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When I saw this Guardian article I was delighted.  www.guardian.co.uk/commentisfree/2010/mar/03/racist-question-brown-answer-curious  It wasn't just me!  In fact Ariane was much kinder than me, for stating she didn't believe it was racist.  But the 1400+ comment debate that followed largely featured defensive derailing, belittling and accusations of oversensitivity.  And to a person, these defensive harangers chose to distract from the fact that she was not  complaining about the first question, only the follow-up question(s).  Featuring the word "really. "

In a nutshell, when a complete stranger asks  "where are you from?" - this is not an insult of any sort.  And I cheerfully offer up my home town.

If they follow it up with - "but where are you really from" - that person is both insulting me and outing themselves as ignorant.  And I do not tolerate ignorance but I won't rise to the bait of insults.

Because the key word is "really", although "no" and "but" can be added as fun intensifiers.  It  means a complete stranger is accusing you of lying, and denying you the right to self-identify, and asserting their entitlement to extra information to reinforce their prejudices. 

My evolved response is to tell them my birthtown, and to end on a question "how about you?".  I nod and smile at their answer and then turn away, walk off, or never return to their place of business.

Don't get me wrong, I'm glad that overt racism is no longer socially tolerated, so that bigotry has to invest in the joys of plausible deniability.  But it's still alienating and distressing.

Date: 2010-03-06 02:59 pm (UTC)
From: [identity profile] friend-of-tofu.livejournal.com
I liked that article. Despite being whiter than jasmine rice, I still find the "where do you come from?" question difficult to answer simply, and am relieved to be able to say "London" instead of needing to bore people with my whole story.

It's an odd misconception that you should somehow feel connected to a far-flung country because your ancestors lived there centuries ago, even if your entire life has been spent morris dancing in Loughborough.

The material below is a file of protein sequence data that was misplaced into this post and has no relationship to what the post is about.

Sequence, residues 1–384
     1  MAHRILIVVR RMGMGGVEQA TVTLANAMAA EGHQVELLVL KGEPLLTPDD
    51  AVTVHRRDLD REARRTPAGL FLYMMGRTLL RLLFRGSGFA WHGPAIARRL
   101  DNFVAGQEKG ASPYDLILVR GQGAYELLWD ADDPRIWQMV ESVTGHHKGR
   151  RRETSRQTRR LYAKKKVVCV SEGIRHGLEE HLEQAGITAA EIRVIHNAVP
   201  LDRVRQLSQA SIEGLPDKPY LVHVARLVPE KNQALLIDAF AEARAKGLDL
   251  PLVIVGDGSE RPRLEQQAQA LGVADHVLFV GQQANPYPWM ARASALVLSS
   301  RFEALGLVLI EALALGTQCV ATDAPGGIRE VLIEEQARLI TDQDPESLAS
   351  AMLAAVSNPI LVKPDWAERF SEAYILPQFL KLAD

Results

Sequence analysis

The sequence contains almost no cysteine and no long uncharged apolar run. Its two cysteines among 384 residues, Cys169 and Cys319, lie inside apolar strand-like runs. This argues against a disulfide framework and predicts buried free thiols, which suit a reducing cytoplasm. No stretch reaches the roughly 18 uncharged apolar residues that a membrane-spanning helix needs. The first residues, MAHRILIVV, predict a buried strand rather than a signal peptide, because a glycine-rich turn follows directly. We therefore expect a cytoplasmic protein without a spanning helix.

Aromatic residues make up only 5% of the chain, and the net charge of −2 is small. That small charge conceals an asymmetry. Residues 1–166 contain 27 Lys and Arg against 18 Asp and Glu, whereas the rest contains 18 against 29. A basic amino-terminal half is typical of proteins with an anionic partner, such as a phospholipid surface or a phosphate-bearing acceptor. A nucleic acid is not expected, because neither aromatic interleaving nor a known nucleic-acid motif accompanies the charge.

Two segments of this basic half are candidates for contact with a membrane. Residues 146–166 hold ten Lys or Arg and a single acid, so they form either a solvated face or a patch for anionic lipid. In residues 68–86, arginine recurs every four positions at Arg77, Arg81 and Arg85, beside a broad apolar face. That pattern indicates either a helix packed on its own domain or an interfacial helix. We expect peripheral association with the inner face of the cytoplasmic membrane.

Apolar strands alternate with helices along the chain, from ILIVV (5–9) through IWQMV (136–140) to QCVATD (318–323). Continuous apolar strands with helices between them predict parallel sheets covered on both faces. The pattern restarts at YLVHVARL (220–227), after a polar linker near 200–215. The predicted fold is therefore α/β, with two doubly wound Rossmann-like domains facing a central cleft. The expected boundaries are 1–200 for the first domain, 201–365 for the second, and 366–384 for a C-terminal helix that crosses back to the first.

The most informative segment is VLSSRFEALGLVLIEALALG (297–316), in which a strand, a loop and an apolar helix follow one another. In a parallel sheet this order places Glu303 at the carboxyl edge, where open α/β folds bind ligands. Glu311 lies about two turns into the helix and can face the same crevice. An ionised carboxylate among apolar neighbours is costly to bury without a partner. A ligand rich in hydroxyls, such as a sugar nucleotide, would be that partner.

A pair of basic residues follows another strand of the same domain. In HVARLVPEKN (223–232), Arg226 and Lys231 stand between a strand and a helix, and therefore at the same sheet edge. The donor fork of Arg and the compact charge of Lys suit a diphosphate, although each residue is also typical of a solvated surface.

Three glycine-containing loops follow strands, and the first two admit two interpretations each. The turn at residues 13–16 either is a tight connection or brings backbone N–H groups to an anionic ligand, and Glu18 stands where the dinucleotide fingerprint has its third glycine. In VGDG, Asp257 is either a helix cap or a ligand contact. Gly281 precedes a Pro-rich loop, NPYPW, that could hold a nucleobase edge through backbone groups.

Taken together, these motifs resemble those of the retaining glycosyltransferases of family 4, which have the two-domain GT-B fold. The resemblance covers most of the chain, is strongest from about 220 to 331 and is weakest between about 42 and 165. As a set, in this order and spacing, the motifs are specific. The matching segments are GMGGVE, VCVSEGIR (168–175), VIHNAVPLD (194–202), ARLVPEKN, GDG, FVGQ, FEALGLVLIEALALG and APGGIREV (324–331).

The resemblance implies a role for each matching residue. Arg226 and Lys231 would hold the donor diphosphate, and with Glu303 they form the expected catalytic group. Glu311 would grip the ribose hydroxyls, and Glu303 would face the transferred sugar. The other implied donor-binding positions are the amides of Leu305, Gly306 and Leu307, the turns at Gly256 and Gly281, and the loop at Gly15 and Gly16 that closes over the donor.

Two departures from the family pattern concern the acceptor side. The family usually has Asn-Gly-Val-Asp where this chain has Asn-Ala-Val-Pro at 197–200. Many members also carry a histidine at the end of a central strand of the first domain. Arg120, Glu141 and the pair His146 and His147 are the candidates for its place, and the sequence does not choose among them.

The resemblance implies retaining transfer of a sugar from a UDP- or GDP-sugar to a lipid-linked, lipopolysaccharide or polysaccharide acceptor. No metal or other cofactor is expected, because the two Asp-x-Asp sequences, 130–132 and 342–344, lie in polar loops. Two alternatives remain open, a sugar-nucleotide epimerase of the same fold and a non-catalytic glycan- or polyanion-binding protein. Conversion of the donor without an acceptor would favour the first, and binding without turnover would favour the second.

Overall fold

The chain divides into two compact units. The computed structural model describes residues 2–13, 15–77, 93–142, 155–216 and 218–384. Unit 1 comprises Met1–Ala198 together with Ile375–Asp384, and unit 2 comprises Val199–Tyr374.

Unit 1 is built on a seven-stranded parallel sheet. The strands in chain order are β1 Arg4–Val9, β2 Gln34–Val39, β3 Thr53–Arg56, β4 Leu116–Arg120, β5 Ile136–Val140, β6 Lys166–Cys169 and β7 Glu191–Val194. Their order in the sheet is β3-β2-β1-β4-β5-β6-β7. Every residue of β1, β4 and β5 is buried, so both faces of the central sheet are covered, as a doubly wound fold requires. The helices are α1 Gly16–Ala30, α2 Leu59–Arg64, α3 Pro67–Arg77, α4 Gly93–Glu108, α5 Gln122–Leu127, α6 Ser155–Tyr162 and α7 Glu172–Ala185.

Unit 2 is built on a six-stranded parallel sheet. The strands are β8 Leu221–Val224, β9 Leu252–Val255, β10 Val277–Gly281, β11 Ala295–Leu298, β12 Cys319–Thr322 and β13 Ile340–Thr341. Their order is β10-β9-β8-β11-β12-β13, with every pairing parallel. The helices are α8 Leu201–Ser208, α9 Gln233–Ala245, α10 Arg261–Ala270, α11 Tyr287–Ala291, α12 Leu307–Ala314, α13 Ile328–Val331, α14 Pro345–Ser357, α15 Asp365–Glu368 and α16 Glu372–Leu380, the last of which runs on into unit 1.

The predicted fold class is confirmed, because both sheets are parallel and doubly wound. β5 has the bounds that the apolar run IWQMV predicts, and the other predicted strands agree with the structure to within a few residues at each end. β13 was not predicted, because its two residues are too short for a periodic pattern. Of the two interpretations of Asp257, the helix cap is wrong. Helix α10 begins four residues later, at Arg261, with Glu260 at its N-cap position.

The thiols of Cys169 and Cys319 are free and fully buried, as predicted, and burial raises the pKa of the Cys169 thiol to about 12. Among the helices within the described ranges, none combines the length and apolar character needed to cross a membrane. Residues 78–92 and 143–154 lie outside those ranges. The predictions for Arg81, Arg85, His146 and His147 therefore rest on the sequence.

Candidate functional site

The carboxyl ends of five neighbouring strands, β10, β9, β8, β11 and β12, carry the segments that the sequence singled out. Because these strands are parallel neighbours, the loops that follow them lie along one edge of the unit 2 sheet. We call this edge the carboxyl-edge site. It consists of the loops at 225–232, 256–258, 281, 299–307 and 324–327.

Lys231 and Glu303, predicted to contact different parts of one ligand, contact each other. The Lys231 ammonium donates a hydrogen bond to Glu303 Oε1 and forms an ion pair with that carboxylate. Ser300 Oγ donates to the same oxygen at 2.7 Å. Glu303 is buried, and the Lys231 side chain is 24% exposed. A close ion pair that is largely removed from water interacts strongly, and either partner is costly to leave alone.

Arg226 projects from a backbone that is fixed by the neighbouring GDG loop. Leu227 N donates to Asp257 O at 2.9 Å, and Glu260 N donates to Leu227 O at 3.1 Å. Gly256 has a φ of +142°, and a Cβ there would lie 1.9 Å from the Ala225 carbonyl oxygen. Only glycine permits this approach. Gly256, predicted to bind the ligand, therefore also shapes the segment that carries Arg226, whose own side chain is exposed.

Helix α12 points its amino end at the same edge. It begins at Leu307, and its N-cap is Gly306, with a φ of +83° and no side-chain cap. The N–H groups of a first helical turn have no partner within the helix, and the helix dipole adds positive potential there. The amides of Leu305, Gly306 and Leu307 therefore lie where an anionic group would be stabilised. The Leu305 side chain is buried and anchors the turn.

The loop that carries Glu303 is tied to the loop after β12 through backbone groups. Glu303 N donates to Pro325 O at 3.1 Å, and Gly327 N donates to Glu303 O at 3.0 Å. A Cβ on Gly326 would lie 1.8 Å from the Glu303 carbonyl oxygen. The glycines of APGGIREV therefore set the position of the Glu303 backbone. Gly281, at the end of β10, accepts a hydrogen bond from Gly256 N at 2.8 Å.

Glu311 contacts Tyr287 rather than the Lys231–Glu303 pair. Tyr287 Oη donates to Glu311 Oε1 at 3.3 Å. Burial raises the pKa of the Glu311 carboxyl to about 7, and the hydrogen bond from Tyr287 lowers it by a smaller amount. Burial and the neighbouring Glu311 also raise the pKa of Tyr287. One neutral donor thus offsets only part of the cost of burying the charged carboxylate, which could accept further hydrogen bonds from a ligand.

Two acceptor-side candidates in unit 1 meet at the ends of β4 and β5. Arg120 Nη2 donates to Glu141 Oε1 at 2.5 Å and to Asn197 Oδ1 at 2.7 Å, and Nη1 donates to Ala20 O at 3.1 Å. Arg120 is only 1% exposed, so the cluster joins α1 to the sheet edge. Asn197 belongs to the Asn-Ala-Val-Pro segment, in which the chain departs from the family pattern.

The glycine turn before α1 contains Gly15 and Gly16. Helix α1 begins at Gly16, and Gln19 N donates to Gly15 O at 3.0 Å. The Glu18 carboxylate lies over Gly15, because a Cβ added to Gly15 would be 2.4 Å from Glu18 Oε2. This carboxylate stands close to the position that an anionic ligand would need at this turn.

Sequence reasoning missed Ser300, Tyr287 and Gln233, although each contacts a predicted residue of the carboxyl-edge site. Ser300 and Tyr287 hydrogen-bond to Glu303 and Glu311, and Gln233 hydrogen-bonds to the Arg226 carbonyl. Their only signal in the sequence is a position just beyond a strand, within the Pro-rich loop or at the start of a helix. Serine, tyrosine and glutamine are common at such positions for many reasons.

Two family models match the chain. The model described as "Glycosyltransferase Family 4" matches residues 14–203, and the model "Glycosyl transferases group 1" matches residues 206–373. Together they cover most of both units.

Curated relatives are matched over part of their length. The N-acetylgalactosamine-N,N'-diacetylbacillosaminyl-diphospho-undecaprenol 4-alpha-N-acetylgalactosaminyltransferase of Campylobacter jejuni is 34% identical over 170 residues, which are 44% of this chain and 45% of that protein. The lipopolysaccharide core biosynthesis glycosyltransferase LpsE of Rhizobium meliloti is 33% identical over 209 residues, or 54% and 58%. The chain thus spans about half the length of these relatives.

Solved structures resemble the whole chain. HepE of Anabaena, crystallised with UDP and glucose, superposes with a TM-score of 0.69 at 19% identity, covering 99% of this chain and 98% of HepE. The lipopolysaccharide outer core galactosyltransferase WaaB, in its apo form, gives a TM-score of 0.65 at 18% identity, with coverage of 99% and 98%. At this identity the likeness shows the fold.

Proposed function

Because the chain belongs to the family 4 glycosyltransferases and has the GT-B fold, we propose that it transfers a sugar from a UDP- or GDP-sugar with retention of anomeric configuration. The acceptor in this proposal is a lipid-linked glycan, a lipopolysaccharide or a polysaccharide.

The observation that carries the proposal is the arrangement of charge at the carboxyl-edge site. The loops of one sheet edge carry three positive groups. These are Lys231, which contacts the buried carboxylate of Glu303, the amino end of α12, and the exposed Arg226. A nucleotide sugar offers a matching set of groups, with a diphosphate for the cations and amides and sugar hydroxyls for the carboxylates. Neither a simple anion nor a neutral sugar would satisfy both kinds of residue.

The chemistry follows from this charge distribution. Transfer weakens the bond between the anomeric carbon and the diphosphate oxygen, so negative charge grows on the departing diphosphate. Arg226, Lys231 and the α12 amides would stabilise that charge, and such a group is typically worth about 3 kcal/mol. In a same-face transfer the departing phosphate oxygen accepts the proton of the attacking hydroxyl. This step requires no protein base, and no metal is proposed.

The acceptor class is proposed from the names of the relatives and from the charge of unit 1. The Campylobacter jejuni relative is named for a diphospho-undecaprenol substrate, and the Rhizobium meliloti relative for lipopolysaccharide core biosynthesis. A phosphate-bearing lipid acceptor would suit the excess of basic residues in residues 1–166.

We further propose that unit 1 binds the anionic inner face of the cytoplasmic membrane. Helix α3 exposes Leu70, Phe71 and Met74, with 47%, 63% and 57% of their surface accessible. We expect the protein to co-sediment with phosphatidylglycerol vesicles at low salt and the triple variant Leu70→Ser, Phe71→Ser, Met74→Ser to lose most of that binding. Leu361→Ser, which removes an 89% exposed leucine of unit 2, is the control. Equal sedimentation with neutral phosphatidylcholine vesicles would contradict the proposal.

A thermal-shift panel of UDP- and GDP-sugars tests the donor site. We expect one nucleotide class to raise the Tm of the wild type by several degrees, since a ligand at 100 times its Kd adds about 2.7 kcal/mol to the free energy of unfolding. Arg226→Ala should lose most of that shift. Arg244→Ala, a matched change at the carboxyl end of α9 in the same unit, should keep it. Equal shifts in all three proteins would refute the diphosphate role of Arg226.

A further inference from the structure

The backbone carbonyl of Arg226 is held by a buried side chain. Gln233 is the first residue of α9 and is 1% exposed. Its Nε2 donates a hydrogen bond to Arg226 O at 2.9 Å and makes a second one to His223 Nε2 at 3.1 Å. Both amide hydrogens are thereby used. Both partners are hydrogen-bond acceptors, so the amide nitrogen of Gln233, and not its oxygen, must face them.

This was pretty much how I felt about living in Britain when I was younger, although having family here made it less weird. I'm used to it now, though, but I never feel especially "British", whatever that means.

I'm glad that overt racism is no longer socially tolerated, so that bigotry has to invest in the joys of plausible deniability.

One of my favourite Stewart Lee lines ever: "If political correctness has achieved one thing, it's to make the Conservative Party cloak its inherent racism behind more creative language"

Date: 2010-03-07 02:13 pm (UTC)
From: [identity profile] circelily.livejournal.com
Thanks for that clip link. Made me laugh like a drain. Maybe the Labour Party should unearth those old Tories campaigns with a banner across saying something like: "Do you really want the "Good Old Days" back?"

Date: 2010-03-07 02:42 pm (UTC)
From: [identity profile] friend-of-tofu.livejournal.com
That would actually be a really smart campaign, if anyone bothered to do it. Of course, a) the Tories would just go "we're not like that now", and b) Labour have plenty of not-so-very-historic fail of their own eg the homophobia towards Peter Tatchell when he ran in Southwark in the '80s.

I really enjoyed the whole of that Stewart Lee show, which you can easily find on YouTube. And I liked his antagonistic radio performance about PCness, where he attacked the audience for being a bunch of idiots!

Date: 2010-03-08 09:09 pm (UTC)
From: [identity profile] circelily.livejournal.com
hmm. Sadly too true. I always liked both Lee and Herring and Collins and Maconie back in the last millennium *small eeek* . Lee has gone from strength to strength, but the glitter well and truly came off Andrew Collins when I read his autobiography. Which included a really huffy "why me" chapter whinging that Christina Ricci hated him. Just because he'd spent a whole interview asking / telling her that the only reason she had a career was her looks. *spit*

Date: 2010-03-09 08:06 am (UTC)
From: [identity profile] friend-of-tofu.livejournal.com
I never liked Lee & Herring in the '90s, found their comedy a bit obvious - also, like the Beastie Boys, it was before they properly discovered politics - re-watched the old Stewart Lee clip about vegetarianism being fine but food was too tasty, where he slut-shame a couple on benefits who have 14 kids in a council house, or something, and I was thinking "he'd never dream of doing that now!".

Stewart Lee has definitely become a much better comedian, as his fame has somewhat diminished. He makes much of this cruel irony in '41 Best Stand-Up', which is great.

Andrew Collins, URGH.

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